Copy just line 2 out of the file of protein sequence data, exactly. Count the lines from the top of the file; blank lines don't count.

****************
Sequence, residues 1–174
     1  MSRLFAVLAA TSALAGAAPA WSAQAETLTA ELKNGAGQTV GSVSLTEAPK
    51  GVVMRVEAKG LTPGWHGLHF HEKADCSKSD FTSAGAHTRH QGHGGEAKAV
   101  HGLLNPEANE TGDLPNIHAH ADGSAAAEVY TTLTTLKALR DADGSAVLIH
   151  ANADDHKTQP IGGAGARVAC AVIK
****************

     1  MSRLFAVLAA TSALAGAAPA WSAQAETLTA ELKNGAGQTV GSVSLTEAPK